Without putting out too much detail, there is a ESIP plan on top of the 401k plan where they match 75 cents of every dollar. I've listed some details on the ESIP plan below. I know some of the fees with the 401k might be taken off. I'll have to look more into details with this.

• Convenient payroll deductions to fund the shares you intend to purchase
• Opportunity to purchase stock at the opening or closing date of the purchase period, depending on which date
the stock price is lower
• 15% discount on the price of stock when you purchase shares
• No payment of brokerage fees or commissions when stock is purchased

What I need is a better understanding of how to go about in doing these mutual fund allocation and such. Any book anyone could recommend?

What do I need to find out from fidelity to see if it i is worth keeping it/
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#13
Quote from executivedealer View Post :
Without putting out too much detail, there is a ESIP plan on top of the 401k plan where they match 75 cents of every dollar. I've listed some details on the ESIP plan below. I know some of the fees with the 401k might be taken off. I'll have to look more into details with this.

o Convenient payroll deductions to fund the shares you intend to purchase
o Opportunity to purchase stock at the opening or closing date of the purchase period, depending on which date
the stock price is lower
o 15% discount on the price of stock when you purchase shares
o No payment of brokerage fees or commissions when stock is purchased

What I need is a better understanding of how to go about in doing these mutual fund allocation and such. Any book anyone could recommend?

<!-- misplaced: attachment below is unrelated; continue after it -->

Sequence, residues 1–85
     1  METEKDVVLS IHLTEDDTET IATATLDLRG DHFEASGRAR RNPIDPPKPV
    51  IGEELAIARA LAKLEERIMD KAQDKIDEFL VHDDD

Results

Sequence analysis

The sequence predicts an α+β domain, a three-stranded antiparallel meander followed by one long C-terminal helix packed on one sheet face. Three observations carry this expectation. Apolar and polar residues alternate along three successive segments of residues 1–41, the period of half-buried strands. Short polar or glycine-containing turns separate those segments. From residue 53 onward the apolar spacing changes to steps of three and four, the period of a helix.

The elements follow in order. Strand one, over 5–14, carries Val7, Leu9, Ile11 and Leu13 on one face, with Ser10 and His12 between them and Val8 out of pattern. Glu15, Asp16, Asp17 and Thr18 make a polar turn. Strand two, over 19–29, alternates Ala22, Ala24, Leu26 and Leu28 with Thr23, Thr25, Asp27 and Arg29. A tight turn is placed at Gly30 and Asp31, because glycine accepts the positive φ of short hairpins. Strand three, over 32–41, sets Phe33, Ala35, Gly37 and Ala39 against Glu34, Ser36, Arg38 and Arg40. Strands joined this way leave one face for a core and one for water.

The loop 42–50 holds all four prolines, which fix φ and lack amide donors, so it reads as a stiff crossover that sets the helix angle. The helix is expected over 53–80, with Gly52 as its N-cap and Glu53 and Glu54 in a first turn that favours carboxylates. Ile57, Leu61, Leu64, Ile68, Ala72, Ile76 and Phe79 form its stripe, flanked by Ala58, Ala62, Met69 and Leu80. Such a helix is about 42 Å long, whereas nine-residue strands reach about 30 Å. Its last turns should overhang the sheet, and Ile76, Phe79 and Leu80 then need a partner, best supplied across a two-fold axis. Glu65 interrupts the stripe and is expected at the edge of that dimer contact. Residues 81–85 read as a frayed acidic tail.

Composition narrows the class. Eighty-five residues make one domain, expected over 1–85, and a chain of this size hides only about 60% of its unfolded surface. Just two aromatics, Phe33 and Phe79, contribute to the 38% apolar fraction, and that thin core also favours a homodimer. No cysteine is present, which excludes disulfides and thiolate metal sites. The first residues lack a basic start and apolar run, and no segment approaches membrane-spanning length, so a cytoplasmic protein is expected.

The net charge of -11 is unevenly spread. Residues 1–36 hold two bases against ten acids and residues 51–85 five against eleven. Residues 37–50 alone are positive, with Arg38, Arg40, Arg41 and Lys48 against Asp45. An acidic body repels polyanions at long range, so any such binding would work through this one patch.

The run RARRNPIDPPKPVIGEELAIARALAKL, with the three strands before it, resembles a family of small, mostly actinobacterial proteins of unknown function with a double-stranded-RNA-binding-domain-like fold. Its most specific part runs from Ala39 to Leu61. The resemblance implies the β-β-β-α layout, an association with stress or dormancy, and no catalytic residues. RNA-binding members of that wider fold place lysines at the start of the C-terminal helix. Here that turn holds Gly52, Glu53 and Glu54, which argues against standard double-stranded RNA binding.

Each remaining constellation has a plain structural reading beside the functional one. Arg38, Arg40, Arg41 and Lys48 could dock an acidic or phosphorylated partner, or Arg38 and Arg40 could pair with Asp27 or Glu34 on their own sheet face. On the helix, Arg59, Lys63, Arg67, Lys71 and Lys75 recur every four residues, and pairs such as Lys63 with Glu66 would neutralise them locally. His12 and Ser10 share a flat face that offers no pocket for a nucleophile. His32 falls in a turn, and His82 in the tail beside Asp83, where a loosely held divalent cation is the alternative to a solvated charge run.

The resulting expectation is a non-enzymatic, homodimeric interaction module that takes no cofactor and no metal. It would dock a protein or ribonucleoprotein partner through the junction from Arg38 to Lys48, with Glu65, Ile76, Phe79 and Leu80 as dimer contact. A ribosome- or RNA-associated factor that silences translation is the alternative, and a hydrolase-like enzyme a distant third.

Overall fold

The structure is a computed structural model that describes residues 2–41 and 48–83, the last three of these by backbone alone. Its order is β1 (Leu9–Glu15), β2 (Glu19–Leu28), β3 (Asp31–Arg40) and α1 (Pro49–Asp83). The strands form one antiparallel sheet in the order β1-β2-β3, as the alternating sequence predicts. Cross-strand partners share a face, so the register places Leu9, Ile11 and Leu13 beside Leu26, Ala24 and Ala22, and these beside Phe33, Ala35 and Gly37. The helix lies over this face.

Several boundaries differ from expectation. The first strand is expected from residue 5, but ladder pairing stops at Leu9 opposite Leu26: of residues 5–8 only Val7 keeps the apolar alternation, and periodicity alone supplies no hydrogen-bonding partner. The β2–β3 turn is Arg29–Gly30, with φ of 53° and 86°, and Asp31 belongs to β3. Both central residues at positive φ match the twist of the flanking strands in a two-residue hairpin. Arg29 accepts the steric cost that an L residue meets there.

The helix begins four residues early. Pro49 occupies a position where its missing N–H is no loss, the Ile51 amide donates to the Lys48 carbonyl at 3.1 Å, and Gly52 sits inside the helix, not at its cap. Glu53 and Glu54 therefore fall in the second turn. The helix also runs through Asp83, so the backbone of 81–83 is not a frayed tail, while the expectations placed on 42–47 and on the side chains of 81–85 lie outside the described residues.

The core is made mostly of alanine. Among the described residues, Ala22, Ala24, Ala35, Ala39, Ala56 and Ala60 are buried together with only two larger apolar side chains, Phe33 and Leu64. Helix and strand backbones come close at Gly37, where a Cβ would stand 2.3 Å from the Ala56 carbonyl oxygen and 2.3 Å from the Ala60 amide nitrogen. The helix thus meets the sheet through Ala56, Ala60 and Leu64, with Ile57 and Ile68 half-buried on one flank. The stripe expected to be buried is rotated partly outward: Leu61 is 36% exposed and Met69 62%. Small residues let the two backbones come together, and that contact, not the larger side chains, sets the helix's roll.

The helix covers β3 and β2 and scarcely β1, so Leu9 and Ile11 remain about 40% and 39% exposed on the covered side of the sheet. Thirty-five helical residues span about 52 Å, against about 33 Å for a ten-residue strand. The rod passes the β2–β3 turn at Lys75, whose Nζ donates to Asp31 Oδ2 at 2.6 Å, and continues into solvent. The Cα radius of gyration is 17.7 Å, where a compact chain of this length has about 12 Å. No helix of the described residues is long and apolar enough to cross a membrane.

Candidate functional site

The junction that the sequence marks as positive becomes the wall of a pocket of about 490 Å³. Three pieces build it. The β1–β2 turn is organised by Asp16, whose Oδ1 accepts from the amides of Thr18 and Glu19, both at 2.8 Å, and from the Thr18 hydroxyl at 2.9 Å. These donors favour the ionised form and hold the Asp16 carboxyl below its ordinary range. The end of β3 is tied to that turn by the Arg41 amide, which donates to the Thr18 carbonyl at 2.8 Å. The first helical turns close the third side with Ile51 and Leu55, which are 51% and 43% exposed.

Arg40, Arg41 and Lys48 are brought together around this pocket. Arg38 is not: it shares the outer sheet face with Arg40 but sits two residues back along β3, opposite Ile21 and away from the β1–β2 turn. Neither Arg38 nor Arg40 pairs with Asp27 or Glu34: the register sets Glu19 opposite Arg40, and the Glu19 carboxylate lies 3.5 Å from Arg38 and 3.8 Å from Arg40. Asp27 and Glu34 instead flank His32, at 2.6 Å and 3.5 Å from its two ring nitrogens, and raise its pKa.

What do I need to find out from fidelity to see if it i is worth keeping it/

You don't really need a book.

There a many rule of thumbs....
1. most brookers (mutual fund managers, finacial advisor, etc....) do not beat the market.
2. the lowest management fees are index funds.

If you are the type to leave it and forget about it, then I recommend a index fund and of course Vanguard is known for the lowest fees. And if someone beats them, it's not by much.
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#14
Quote from executivedealer View Post :
Without putting out too much detail, there is a ESIP plan on top of the 401k plan where they match 75 cents of every dollar. I've listed some details on the ESIP plan below. I know some of the fees with the 401k might be taken off. I'll have to look more into details with this.

o Convenient payroll deductions to fund the shares you intend to purchase
o Opportunity to purchase stock at the opening or closing date of the purchase period, depending on which date
the stock price is lower
o 15% discount on the price of stock when you purchase shares
o No payment of brokerage fees or commissions when stock is purchased

What I need is a better understanding of how to go about in doing these mutual fund allocation and such. Any book anyone could recommend?

What do I need to find out from fidelity to see if it i is worth keeping it/
- Read Bogleheads Guide to Investing
-Find out the expense ratio for the cheapest index funds available through your 401k at Fidelity. Also find out any additiional account fees they may have. If you anticipate having to do a backdoor IRA contribution in the future it may be best to keep the money at Fidelity rather than opening a rollover IRA.
-The ESIP program could be great considering the Employer match. But you do not want too much of your wealth tied up in one company. As soon as the shares are vested, sell them if able so your livelihood is not tied completely to one company.
-Do not listen to joshuaNH. He just regurgitates whatever info he finds interesting or useful and disregards everything else. Take for instance his POV above on Vanguard HSA's.